How to build a high-performance team: A manager’s guide [2020]
 
 

How to build a high-performance team: A manager’s guide [2020]

How to build a high-performance team

 

According to a recent Entrepreneur article, there are many activities and strategies for energizing the team you have, including the 6-3-5 approach, prioritizing one-on-one time, and more. These are useful day-to-day activities, but they don’t change the fundamental structure of your team. How can managers optimize their teams for productivity?

 

This guide will walk you through how to build a high-performance team.

 

First, let’s make sure we are on the same page about what that means.

 

What is a high-performance team?

From functional to task force, you’ve probably heard of a handful of different types of teams. The type we’re focusing on, the high-performance team, generates better outcomes than average on many fronts. When it comes to producing code, making critical decisions, and achieving better overall outcomes, high-performance teams come in first place.

 

Like anyone seeing these successes, you probably want to translate them to your next project.

 

Want to know how to create a high-performing team?

 

Let’s break the process down step by step.

 

How to build a high-performance team step by step

 

Step 1: Define the problem you’re trying to solve

Before assembling your team, you need to understand the problem they’re coming together to solve.

 

Maybe you’re faced with a tactical problem like “How do we fix a specific engineering problem?” Maybe your problem is something more creative, such as “How can we change our business model?”

 

If you're not sure what type of problem you're trying to solve, STOP! To solve whatever challenge is ahead of you, you need the right solution, and every problem requires a unique solution. Your leadership approach—and overall success—depend on how well you understand the challenge you’re facing.

 

To define your problem, you need to generate a project charter. According to Wrike, a project charter includes:

 

  • • reasons for the project
  • • objectives and constraints
  • • stakeholders
  • • risks
  • • benefits
  • • budget overview

 

There are a few frameworks you can use to define your charter. Depending on how much detail you want to gather, you could use any one of the following:

 

  • • The simplest approach: The “5 W” approach involves listing who, what, why, when, and where.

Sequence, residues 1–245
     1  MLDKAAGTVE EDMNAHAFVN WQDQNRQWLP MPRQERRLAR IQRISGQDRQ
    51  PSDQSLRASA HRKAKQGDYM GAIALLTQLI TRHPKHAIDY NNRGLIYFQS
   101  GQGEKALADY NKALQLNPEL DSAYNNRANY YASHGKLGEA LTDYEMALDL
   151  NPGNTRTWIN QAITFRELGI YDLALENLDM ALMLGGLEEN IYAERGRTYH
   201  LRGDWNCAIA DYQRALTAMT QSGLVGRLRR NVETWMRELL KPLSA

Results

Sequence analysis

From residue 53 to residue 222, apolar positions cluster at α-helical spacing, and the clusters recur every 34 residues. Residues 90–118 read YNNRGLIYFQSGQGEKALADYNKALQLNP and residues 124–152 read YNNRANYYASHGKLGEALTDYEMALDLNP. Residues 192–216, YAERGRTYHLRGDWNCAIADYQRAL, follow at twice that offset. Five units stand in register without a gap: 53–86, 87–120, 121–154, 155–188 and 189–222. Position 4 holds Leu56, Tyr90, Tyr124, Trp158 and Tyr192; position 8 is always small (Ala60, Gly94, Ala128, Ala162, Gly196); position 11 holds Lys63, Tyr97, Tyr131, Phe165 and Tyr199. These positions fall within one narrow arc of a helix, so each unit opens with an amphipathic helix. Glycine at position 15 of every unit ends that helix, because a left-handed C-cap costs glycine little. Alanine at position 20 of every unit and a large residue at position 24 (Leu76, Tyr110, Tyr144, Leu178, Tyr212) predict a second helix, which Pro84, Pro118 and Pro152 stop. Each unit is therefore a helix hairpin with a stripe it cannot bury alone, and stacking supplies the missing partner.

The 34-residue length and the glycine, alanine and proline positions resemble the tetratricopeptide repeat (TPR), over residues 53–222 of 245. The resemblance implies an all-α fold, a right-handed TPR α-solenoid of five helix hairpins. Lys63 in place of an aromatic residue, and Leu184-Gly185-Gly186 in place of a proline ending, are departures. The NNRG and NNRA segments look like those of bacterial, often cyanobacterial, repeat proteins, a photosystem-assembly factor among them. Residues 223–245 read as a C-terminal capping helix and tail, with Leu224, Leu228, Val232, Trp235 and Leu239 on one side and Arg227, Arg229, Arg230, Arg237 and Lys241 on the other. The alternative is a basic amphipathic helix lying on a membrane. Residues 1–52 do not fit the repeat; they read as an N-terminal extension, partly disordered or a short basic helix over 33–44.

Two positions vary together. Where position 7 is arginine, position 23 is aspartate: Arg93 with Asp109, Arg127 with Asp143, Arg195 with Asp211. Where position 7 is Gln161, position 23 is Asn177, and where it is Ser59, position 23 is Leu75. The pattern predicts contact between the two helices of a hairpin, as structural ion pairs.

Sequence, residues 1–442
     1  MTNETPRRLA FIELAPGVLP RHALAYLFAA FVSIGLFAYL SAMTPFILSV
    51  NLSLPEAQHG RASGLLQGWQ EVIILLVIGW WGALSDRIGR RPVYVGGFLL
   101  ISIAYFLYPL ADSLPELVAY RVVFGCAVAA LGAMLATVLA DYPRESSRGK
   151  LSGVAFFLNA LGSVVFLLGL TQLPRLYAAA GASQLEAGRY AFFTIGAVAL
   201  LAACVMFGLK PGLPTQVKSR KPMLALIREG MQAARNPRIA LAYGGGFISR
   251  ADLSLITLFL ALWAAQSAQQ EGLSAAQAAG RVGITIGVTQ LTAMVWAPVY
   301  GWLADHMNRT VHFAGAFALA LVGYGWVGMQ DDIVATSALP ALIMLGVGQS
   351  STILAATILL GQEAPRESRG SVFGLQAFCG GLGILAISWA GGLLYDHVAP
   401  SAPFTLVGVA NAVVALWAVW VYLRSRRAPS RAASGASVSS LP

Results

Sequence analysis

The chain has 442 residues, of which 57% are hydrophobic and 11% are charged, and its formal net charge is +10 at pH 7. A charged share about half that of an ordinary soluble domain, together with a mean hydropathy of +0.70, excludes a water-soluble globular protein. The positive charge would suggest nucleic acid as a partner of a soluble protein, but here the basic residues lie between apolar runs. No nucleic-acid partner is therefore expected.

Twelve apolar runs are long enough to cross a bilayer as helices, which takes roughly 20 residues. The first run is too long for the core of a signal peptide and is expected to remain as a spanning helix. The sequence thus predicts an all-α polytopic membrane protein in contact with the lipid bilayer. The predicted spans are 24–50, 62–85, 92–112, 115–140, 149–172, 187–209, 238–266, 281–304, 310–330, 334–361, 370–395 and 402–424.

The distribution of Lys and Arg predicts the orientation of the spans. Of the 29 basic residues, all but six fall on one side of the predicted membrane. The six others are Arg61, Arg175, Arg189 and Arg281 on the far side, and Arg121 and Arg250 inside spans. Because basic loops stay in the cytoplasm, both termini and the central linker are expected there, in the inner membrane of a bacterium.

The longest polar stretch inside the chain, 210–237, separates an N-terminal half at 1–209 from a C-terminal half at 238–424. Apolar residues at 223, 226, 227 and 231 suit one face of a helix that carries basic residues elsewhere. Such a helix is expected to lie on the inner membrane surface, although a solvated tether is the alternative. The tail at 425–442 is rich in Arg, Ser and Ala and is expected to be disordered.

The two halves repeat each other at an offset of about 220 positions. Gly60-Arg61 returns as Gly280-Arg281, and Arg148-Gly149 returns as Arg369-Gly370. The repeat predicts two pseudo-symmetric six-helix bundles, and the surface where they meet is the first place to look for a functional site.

• • A more complex approach: If you prefer a more in-depth analysis, try using the SWOT format. Using a grid format, this allows you to identify strengths, weaknesses, opportunities, and and threats.
  • • Somewhere in the middle: You can also do a business canvas mapping exercise that helps you visualize processes. This consists of a mental model of your business including key partners, activities, resources, value propositions, customer relationships, channels, customer segments, cost structure, and revenue streams.

 

Canvas mapping template

 

With your problem well-defined, you can think about what type of team will be best-suited to address it.

 

Step 2: Understand the type of team you need

Before diving into creating a high-performance team, you’ll need to check whether that’s actually the type you need. A working group is another productive type of team that may be better suited to the tasks at hand.

 

Let’s look at each type a little more closely.

 

A working group is often confused with a high-performance team, as they look similar from afar. Both have multiple people working towards a common goal, but the way they operate and become most productive is different. Working groups have the following qualities:

 

  • Best for: A well-defined problem with clear issues and objectives
  • Structure: As Katzenbach and Smith discuss in their article “The Discipline of Teams,” a working group follows a clear, hierarchy-based working pattern. There's a strong, clearly focused leader and work is produced individually. Accountability is also individual.
  • Team dynamic: Delegation is the name of the game. Working groups prioritize efficiency. They will be most comfortable following a "waterfall" software development lifecycle (SDLC) approach with set phases, roles, and activities.
  • Markers of success: Success is defined by indirectly influencing others, such as financial performance of the business.

 

A working group may be the better choice for you If you’ve been tasked with solving a straight-forward, data-based problem.

 

But what if you've been tasked with a creative problem, such as “How do we double our team’s revenue in 18 months?” or “How do we utilize AI to improve our new product?” In this case, the hallmark efficiency of a working group would be a your biggest limitation.

 

This is where you need a high-performance team. These have the following qualities:

 

  • Best for: Abstract, creative problems
  • Structure: A high-performance team hierarchy is flat. Leadership roles are shared, since each member is already a leader in their respective area. The team will work within an Agile structure and swarm tasks to get them done.
  • Team dynamic: High-performance work is highly collaborative, using the best of everyone's skills. Collaboration happens in open-ended, enthusiastic discussions and work sessions. Delegation doesn't really happen since the team shares responsibility for all products.
  • Markers of success: Success is assessed by measuring their collective work products and their direct impact on the business.